Harry S Truman (1884-1972) was the 33rd president of the United States. Below is an excerpt from Plain Speaking: An Oral Biography of Harry S Truman by Merle Miller.
[Merle Miller] Mr. President, I understand that when you were still a boy, you got a job working as timekeeper for the Santa Fe Railroad.
[President Truman] "I worked for an old fellow named Smith, L.J. Smith his name was, and he was head of the construction company that was building the double track for the Santa Fe Railroad down here from Eaton Falls to where the Missouri Pacific comes into the Santa Fe down at Sheffield.
"I was eighteen years old, and I'd just finished high school and knew I wasn't going to get to go to West Point. So I took this job as a timekeeper. I took it to help out at home, to keep my brother, Vivian, and my sister, Mary, in school. My father was having a hard time with finances just then.
"Old man Smith had three camps, and there were about a hundred hoboes in each camp, and I got very well acquainted with them. My job was to keep tabs on them, to keep track of how much time they put in, and then I'd write out their paychecks for them. I'd usually write those checks in a saloon called Pogunpo's or in old man Schmidt's saloon in Sheffield. I used to sit there and pay off those hoboes. And they weren't bad fellows. They'd work for two weeks. They'd get discounted if they drew their checks before that time. So they'd work two weeks, and then they'd spend all their money for whiskey in the saloon and come back to work the next Monday morning. I'd pay them off on Saturday night.
"But they weren't bad fellows. Not in any way. Most of them had backgrounds that caused them to be hoboes. Either they'd had family troubles or they'd been in jail for some damn fool thing that wasn't a penitentiary offense. But they weren't bad citizens at all. I remember one time I told the old man that ran the saloon, he was an old Dutchman and wore whiskers, I told him, I said, 'This old bastard is the blacksmith out there on the railroad, and we need him. So try to cut out on his whiskey.'"
"Well, damn old Schmidt went out and told this blacksmith what I'd said, and I never got a better cussing in my life than I did for interfering with the freedom of an American citizen. And he was right. And that taught me something.
"But after that I guess the blacksmith was grateful for it because he took a file, a regular ordinary file about that long and made a butcher knife out of it and tempered it so that the edge would never come off. He made two of them for me, and I think one of them is still around the house somewhere. . . . So he didn't hold it against me that I was trying to keep him from getting drunk."
[Miller] When you said camps, what were they, houses or tents?
[Truman] "Tents mostly. There were tents, and I had a tricycle car on the railroad that I went up and down on. I had to make a list of the men that were working every morning at seven thirty, and then I had to go back at one thirty in the afternoon to be sure that they were still there. So when the time came for their being paid, I had the records. No one ever doubted the records I kept."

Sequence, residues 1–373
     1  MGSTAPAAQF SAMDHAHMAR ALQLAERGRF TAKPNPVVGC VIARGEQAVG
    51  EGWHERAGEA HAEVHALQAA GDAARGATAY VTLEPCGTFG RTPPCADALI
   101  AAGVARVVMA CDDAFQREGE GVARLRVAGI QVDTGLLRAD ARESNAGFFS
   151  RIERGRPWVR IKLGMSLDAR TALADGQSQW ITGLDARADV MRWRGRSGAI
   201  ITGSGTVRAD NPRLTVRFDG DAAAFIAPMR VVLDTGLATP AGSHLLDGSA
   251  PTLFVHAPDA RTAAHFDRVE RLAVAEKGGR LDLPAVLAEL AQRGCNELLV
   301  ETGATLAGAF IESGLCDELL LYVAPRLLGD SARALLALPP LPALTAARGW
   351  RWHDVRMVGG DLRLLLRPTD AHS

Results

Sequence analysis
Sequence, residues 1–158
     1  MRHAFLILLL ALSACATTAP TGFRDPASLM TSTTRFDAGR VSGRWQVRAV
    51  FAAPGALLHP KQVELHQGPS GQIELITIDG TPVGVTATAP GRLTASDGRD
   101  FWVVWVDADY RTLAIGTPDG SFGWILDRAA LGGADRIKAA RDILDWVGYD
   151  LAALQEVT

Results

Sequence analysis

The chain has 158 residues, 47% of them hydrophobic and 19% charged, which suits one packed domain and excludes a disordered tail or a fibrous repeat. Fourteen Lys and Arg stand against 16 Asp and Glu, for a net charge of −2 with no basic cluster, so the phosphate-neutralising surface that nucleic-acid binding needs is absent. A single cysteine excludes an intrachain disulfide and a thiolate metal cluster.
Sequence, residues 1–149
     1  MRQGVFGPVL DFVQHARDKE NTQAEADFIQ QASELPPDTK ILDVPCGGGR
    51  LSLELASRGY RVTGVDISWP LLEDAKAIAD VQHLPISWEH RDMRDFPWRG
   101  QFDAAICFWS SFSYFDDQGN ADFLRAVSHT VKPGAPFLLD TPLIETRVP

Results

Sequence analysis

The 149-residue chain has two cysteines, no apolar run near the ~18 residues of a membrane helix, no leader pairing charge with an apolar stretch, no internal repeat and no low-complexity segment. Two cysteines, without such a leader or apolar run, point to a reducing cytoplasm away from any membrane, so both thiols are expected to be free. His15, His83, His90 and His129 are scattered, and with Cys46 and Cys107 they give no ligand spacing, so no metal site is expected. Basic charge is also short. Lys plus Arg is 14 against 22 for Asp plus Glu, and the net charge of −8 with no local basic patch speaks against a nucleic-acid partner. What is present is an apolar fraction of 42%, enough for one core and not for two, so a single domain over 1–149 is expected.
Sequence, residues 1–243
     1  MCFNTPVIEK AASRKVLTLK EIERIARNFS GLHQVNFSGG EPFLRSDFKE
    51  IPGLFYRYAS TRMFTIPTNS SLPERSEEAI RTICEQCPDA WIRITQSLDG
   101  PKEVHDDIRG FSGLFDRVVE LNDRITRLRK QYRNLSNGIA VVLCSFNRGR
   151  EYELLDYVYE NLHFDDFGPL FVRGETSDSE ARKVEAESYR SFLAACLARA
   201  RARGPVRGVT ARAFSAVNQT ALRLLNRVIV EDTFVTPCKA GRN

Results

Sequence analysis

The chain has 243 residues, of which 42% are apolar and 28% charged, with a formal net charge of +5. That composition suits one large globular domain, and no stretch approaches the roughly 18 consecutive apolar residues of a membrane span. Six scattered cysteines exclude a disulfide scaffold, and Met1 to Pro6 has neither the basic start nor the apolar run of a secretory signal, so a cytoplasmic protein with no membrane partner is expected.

[Miller] How much did those men make?
[Truman] "They made eleven dollars for two weeks' work, and as I say, they'd get paid on Saturday, and by Monday morning most of them had drunk it all up. But it was one of the best experiences that I ever had because that was when I began to understand who the underdog was and what he thought about the people who were the high hats. They felt just like I did about them. They didn't have any time for them. And neither did I. I always liked the underdog better than the high hats. I still do."
[Miller] Weren't you ever uneasy? I mean, you were a reader of books and wore glasses and, as you say, you'd been called a sissy.
[Truman] "No. No. I never had any trouble with those birds. They were just as nice as they could be, and when I left, the foreman down there in Sheffield said, 'Harry's all right from the navel out in every direction.' Which when you come to think of it is just about the highest compliment I ever have been paid.
"Some of those hoboes had better educations than the president of Ha-vud University, and they weren't stuck up about it either. The average of them was just as smart as the smartest people in the country, and they'd had experiences, and a lot of them told me about their experiences. I hope I profited from it, and I think I did. I had to quit at the end of the summer, but my goodness. That was a great experience for me."
[Miller] I understand you learned a few cuss words that summer.
[Truman] "I did. The words some of those men knew I'd never heard before, but later when I was in the Army, there was an occasion or two when those words came in handy, and I used them.
"That experience also taught me that the lower classes so called are better than the high hats and the counterfeits, and they can be trusted more, too.
"About this counterfeit business. My Grandfather Young felt the same way. We had a church in the front yard where the cemetery is now. And the Baptists and the Methodists and all of them used it. And Grandfather Young when I was six years old, he died when I was eight, he told me that whenever the customers in any of those denominations prayed too loud in the Amen corner, you'd better go home and lock your smokehouse.
"And I found that to be true. I've never cared much for the loud pray-ers or for people who do that much going on about religion."
[Originally published by Digihitch.com]
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